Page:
Recover From Your Run—No Matter How Much Time You Have

The secret to lasting success as a runner? Having a smart recovery routine. Here's how to maximize yours no matter how much time you have.

Getty Images In her 20S, Laura Carroll Wetz would go from her run to the shower without missing a beat (or feeling any pain). Today the 41-year-old says that skipping her recovery routine leaves her stiff not only right after running but the next day, too. "If I don't cool down, my body pays the price," she admits.

Runners generally fall into two camps post-run: those who rush off to their next responsibility and those who, like Wetz, try to return their bodies to a pre-workout state. The former may get away with their habit for a while, but eventually, experts say, time catches up with them.

"As a result of a workout, four major things happen," explains Christopher Wahl, MD, chief of sports medicine in the department of orthopedic surgery at UC San Diego Health System. "Your body gets dehydrated, your energy stores are depleted, there's temporary muscle damage and there's mental fatigue." For true recovery, you need to address all four of those factors. Otherwise "you'll increase your risk of injury and won't be able to perform to your full potential next time," notes Kari Brown Budde, DPT, a sports physical therapist in Columbus, Ohio.

Luckily, whether you have only a few minutes or a chunk of time, we've got the post-exercise routine to keep you feeling your best.

Related: 15 Best Dog Breeds for Runners

If you have: 10 minutes...
Drink chocolate milk: Milk's combo of protein and natural sugars, coupled with the added sugars from the syrup, helps replenish energy stores and aid muscle cells with rebuilding. "Research has shown that low-fat chocolate milk is just as effective as sport drinks, if not more so," says Reed Ferber, PhD, associate professor at the University of Calgary in Alberta, Canada, and director of its Running Injury Clinic. While you have up to two hours post-run to drink it down, "the sooner you have it, the better," says Kristine Clark, PhD, director of sports nutrition at Penn State University. "Exercise stimulates certain hormones in your body, and when they are high, you can get more out of the incoming nutrients to help with recovery."

Not a fan of the milk mustache? Try one of the carb-protein combos in Recovery Foods (below).

Get a rubdown: "Massages decrease levels of the chemical by-products associated with muscle damage, along with pain and swelling," Ferber says. "You're helping to pump out that chemical cocktail, so your body can rid itself of it more efficiently."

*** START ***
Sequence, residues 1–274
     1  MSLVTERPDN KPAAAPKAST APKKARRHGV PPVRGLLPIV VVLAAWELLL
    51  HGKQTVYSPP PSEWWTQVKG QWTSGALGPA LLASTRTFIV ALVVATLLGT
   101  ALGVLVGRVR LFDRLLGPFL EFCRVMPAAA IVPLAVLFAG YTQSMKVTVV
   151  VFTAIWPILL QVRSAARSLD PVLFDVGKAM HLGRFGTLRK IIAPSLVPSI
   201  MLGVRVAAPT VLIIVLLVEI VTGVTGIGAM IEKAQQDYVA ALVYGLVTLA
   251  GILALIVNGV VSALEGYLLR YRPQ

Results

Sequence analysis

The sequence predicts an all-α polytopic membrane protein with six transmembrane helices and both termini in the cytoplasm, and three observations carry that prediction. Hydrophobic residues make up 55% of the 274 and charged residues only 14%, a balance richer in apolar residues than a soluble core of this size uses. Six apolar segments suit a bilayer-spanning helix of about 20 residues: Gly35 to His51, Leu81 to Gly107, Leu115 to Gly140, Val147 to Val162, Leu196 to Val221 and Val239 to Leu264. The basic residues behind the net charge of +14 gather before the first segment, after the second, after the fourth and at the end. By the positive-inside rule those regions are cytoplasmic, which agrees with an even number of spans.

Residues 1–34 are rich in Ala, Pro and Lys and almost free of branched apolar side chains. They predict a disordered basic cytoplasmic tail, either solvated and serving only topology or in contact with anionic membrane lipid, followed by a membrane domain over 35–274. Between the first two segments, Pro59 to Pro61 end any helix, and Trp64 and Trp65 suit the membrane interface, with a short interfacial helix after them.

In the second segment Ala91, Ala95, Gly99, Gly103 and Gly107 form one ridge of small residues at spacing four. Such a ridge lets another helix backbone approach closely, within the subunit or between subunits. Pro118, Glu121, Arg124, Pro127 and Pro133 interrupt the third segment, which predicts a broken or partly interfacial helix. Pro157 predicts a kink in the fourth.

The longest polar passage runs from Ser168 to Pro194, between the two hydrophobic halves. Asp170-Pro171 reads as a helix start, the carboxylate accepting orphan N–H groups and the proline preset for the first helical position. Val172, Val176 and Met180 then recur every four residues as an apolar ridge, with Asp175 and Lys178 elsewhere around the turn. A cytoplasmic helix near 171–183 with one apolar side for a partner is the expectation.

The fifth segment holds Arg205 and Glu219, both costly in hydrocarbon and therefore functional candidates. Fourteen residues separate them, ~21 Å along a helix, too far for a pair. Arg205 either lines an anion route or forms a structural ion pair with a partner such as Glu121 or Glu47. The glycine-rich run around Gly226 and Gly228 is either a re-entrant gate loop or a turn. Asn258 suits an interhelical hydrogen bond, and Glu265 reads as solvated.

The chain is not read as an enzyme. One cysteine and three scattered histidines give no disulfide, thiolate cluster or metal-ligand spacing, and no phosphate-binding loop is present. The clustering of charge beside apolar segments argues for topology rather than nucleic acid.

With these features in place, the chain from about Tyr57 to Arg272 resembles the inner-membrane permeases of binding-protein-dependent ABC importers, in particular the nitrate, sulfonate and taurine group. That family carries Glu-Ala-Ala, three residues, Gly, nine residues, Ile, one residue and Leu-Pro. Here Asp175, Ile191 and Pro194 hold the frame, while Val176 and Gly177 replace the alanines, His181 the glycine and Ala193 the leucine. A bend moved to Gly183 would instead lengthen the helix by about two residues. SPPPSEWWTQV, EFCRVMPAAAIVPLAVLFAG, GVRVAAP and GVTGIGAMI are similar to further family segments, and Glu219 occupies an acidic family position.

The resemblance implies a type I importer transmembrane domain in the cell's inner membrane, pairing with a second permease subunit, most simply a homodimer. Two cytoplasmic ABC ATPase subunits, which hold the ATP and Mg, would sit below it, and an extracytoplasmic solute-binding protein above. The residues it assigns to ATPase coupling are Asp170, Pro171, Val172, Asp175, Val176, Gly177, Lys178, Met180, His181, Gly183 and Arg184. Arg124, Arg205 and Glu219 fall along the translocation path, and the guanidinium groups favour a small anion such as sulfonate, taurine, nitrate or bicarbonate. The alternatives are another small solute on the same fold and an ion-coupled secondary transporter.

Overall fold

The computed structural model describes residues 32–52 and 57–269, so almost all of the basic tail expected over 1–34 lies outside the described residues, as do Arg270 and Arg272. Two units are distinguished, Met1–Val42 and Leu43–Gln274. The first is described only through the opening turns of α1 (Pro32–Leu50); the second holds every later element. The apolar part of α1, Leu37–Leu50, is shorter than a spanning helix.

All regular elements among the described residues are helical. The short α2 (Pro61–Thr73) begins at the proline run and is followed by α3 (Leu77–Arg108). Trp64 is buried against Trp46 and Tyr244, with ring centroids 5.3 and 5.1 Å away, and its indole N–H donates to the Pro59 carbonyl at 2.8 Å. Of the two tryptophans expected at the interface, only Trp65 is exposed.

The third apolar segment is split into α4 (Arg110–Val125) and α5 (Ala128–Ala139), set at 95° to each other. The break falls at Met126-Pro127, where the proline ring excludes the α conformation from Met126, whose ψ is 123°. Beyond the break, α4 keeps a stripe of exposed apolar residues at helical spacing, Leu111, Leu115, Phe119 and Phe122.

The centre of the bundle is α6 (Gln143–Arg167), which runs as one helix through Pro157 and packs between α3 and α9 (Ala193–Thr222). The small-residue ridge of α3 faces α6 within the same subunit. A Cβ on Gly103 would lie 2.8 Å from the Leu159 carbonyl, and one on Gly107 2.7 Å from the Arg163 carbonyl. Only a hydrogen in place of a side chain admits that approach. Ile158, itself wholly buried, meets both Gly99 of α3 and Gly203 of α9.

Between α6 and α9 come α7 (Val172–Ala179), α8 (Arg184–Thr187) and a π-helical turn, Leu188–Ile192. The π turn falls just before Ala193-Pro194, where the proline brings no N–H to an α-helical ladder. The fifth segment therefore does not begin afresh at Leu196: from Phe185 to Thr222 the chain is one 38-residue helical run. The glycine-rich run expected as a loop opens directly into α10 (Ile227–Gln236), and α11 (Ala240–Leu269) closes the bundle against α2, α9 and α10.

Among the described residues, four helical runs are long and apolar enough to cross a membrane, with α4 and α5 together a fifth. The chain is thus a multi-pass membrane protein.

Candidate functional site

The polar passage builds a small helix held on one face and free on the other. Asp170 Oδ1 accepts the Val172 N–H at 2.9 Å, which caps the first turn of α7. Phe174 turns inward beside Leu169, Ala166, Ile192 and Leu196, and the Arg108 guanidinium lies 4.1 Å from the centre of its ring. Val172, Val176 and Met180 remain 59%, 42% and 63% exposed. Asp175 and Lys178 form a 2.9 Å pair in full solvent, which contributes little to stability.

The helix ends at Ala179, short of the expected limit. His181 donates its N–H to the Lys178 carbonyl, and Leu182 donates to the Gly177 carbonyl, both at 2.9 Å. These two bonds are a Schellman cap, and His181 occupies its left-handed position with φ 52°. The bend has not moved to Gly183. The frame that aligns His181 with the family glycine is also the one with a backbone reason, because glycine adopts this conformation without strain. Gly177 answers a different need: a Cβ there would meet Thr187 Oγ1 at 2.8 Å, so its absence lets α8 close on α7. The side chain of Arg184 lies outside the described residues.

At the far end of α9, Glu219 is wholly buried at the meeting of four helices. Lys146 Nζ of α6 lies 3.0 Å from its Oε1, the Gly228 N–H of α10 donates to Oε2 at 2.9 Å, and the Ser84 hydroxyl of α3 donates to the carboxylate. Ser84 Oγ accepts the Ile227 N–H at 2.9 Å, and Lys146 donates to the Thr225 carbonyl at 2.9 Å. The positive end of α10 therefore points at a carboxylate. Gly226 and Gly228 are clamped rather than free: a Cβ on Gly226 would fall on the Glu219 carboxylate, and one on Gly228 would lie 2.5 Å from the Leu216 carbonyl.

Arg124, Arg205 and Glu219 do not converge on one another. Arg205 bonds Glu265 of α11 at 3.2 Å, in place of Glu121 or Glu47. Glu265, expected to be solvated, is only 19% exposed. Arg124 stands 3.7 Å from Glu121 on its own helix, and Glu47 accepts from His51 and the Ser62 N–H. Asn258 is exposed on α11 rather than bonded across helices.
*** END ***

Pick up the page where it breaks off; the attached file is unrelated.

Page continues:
Having a pro work you over is best. If you're strapped for time, DIY with effleurage, in which you use your fingertips like a comb to compress and stroke your muscles. "Lie on your back with knees bent and feet up against a wall. Start from your feet and work your way toward your heart," Dr. Wahl says. "It should be deep enough to feel good, but not painful."

Related: The Best Post-Workout Stretches

If you have: 15 minutes...
Keep moving: "Active recovery improves blood flow and lets energy systems gradually return to their resting state, reducing stiffness and soreness," Budde explains. She has her runners do a five-minute dynamic cooldown with exercises like side shuffles and leg swings. Afterward, drink chocolate milk and do 10 minutes of self-massage.

If you have: 20 minutes...
Do active recovery, drink chocolate milk and then:

Roll it out: Try a foam roller. "There's ample evidence that this kind of massage helps boost tissue repair, increases mobility and decreases soreness," Budde says. Placing your full weight on the roller creates the pressure needed to break up adhesions and scar tissue. "Loosening these areas helps the muscles contract more efficiently, so you can move more easily and improve your performance," she adds. Use it on major muscles, such as calves, quads, hamstrings, glutes, outer thighs and lower back.

Slip into an ice bath: For recovery, many swear by ice baths. "The theory is that during one, blood shifts from the legs to the core because your body wants to maintain a higher core temperature," Dr. Wahl says. This means more blood flows to the heart and lungs, helping to restore the heart. And the cool water around your legs blunts inflammation, Dr. Wahl adds. When you get out, the thinking goes, the oxygen-rich blood flows back to the legs, helping to flush out by-products connected to muscle soreness.

Within 20 minutes after a particularly hard or long run, fill your tub with enough cool water to cover your thighs. (Avoid ice baths if you have vascular disease.) Then gradually add in three 5-pound bags of ice. Fifteen minutes should be plenty to put your aches on ice—any longer, Dr. Wahl says, and you risk hypothermia.

Was this page helpful?
Related Articles